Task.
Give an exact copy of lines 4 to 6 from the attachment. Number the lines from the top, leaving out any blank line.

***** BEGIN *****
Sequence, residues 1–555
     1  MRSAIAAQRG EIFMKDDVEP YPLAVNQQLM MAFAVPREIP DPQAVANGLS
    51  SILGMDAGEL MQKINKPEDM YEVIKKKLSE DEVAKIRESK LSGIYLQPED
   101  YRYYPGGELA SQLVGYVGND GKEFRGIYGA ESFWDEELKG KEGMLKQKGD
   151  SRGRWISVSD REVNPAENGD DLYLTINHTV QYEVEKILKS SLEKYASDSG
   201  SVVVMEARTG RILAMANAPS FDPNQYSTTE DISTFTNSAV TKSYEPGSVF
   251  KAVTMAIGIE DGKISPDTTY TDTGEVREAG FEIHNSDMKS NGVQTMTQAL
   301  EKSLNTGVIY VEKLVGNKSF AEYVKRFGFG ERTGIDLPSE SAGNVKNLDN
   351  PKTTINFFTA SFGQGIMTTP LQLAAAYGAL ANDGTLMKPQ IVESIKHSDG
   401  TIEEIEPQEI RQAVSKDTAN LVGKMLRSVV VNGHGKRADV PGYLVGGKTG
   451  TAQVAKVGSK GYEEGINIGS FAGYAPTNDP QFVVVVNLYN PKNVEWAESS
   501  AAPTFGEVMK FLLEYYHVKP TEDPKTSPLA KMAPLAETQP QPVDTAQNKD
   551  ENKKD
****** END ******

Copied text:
   101  YRYYPGGELA SQLVGYVGND GKEFRGIYGA ESFWDEELKG KEGMLKQKGD
   151  SRGRWISVSD REVNPAENGD DLYLTINHTV QYEVEKILKS SLEKYASDSG
   201  SVVVMEARTG RILAMANAPS FDPNQYSTTE DISTFTNSAV TKSYEPGSVF